Think You’re Smarter Than Seth Stevenson? Find Out With This Week’s News Quiz.

Test your knowledge of the week’s news.
Aug. 16 2013 5:39 AM

Play the Slate News Quiz

With Jeopardy! superchampion Ken Jennings.

Welcome back to Slate’s weekly news quiz. I’m your host, 74-time Jeopardy! winner Ken Jennings.

Every Friday I’ll be testing your knowledge with 12 challenging questions on the week’s news events, big and small, including happenings in science, sports, politics, and culture both high and low. The questions are multiple-choice, and time is of the essence: You have 30 seconds to answer, and as the seconds tick away, the question’s point value drops from 50 all the way down to zero, so you’ll want to click on your answer as fast as you possibly can. There’s no penalty for an incorrect answer, so feel free to take a guess if your puny human brain fails you.

At the end of the quiz, you’ll be able to compare your score with that of the average contestant, as well as to the score of a Slate-ster whom I’ve talked into taking the quiz on the record. This week’s contestant is Seth Stevenson, a frequent contributor and the author of Grounded: A Down to Earth Journey Around the World.

Think you can ace my quiz and beat Stevenson? Good luck!

It was reported last weekend that 69-year-old Penny Freeman and her brother were trapped in their Yorkshire, U.K., home for four days, due to the terrifying menace of ... two seagulls. "I felt like a prisoner. The birds were very threatening," she told reporters. Every time she tried to leave the house, the gulls would vomit on her. If, like Ms. Freeman, you're stuck indoors with a little time on your hands, you could do worse than take a shot at the Slate News Quiz.

Question 1 of 12

Who or what was described in the news this week as "this cross between a Concorde, a rail gun, and an air hockey table"?

Hyperloop, as envisioned by billionaire Elon Musk, is a solar-powered regional transportation system in which pods carry travelers inside elevated tubes.

Question 2 of 12

According to an ongoing Reuters poll, fully 30 percent of Americans say they have no friends who are what?

The rate drops to 10 percent for Americans under age 30, however.

Question 3 of 12

At least 91 people were killed Saturday as a string of car bombings rocked Eid al-Fitr celebrations in which country?

Question 4 of 12

Whose long-lost early film, Too Much Johnson, was recently rediscovered in an Italian warehouse?

Question 5 of 12

Attorney General Eric Holder announced Monday that the Justice Department will no longer enforce mandatory minimum sentences for many offenders of what laws?

Question 6 of 12

According to a new profile in the New York Times this week, Edward Snowden first identified himself to journalists Glenn Greenwald and Laura Poitras by arranging to hold what unusual item?

According to a prearranged code, the journalists were to ask what time a nearby restaurant opened, and Snowden was to answer that the food was bad.

Question 7 of 12

To protest EU agricultural policies, farmers in Brittany, France, have been doing what every night outside tax offices?

A surplus has led to a 37 percent drop in French egg prices over the past year.

Question 8 of 12

Two lawsuits were filed on Monday challenging North Carolina's new law—one of the most stringent in country—restricting what?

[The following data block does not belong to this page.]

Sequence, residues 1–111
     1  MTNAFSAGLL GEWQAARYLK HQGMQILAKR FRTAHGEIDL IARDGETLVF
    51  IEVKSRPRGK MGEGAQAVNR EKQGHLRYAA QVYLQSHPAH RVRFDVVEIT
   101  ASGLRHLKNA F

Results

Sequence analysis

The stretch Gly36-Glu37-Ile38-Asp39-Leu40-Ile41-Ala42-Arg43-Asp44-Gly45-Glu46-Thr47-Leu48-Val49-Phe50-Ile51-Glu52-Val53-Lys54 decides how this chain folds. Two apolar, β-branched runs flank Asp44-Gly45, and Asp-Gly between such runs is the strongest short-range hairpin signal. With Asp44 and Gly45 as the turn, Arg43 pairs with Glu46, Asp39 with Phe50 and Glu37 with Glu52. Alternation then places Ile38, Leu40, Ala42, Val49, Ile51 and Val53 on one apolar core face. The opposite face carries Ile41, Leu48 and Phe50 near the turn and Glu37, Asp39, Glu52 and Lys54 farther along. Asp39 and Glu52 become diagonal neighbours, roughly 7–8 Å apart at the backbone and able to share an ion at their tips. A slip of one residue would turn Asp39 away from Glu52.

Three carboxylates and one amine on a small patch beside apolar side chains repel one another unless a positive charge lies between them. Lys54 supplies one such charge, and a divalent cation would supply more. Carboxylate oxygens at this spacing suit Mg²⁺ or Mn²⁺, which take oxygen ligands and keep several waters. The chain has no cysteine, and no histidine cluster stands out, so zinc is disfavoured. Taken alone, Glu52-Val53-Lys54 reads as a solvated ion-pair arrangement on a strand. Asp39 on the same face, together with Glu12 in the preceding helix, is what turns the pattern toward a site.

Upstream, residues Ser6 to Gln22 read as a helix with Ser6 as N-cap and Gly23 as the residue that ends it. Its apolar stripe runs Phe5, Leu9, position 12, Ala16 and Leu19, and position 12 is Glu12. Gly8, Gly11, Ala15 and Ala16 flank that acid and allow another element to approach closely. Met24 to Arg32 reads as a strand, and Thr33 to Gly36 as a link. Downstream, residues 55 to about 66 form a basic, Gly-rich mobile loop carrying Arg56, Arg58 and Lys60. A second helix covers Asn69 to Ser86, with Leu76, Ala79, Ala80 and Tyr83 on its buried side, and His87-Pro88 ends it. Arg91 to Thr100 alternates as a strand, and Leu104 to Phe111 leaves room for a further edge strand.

The ACLU and NAACP suits claim that the new voter ID law discriminates against minority voters.

Question 9 of 12

Police opened fire Wednesday on the enormous opposition encampment outside the Rabaa Adawiya mosque in what city?

Hundreds have died amid security forces' crackdown on Islamist protesters.

Question 10 of 12

Who spent a day listening to the opinions of regular folks while disguised as a taxi driver—though it was later discovered that some of the passengers were paid participants found via a casting call?

Question 11 of 12

On Monday, a federal judge ordered whom to give up the practice of "stop and frisk"?

Question 12 of 12

Organizers in Edinburgh, Scotland, staged a "pride march" Saturday for members of what oppressed minority?

"All hail! The red, orange, and pale!" read some of the marchers' banners.

You got 8 out of 12 answers correct in 20 minutes 30 seconds.

Click to revisit answers

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Final Score
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August 15, 2013

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vs.

Seth Stevenson

Frequent contributor

The Orlando, Fla., sinkhole

The Hyperloop

Whitey Bulger

Sharknado

Religious

Of another race

People they've met in real life

Willing to help them move

Iraq

Syria

Pakistan

Yemen

Robert Altman

Bing Crosby

Orson Welles

Ron Jeremy

Drug laws

Gun laws

Trademark laws

Immigration laws

A can of guava juice

A tiny aquarium castle

A tape measure

A Rubik's cube

Shearing obscenities into sheep

Piling manure in doorways

Smashing 100,000 eggs

Stomping grapes nude

Abortion

Smoking

GMOs

Voting

Cairo, Egypt

Baghdad, Iraq

Damascus, Syria

Kabul, Afghanistan

The president of Brazil

The king of Morocco

The mayor of San Francisco

The prime minister of Norway

TSA airport security

The New York Police Department

The Drug Enforcement Agency

San Diego Mayor Bob Filner

The left-handed

Gingers

Nose-pickers

Steampunks

Average

0 points

You

0 points

Seth Stevenson
Frequent contributor

0 points

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Ken Jennings is a 74-time Jeopardy! winner and is the author of six books, most recently the Junior Genius Guides.

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